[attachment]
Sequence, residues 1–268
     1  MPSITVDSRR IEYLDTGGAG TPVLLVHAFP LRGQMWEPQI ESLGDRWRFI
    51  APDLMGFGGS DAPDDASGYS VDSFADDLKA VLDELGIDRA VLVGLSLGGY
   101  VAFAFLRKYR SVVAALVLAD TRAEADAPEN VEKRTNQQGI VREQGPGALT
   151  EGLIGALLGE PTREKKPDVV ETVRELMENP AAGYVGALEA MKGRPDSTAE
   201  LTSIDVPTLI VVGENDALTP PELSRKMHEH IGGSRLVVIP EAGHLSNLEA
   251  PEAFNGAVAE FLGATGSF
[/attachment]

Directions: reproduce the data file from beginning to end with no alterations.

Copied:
Sequence, residues 1–268
     1  MPSITVDSRR IEYLDTGGAG TPVLLVHAFP LRGQMWEPQI ESLGDRWRFI
    51  APDLMGFGGS DAPDDASGYS VDSFADDLKA VLDELGIDRA VLVGLSLGGY
   101  VAFAFLRKYR SVVAALVLAD TRAEADAPEN VEKRTNQQGI VREQGPGALT
   151  EGLIGALLGE PTREKKPDVV ETVRELMENP AAGYVGALEA MKGRPDSTAE
   201  LTSIDVPTLI VVGENDALTP PELSRKMHEH IGGSRLVVIP EAGHLSNLEA
   251  PEAFNGAVAE FLGATGSF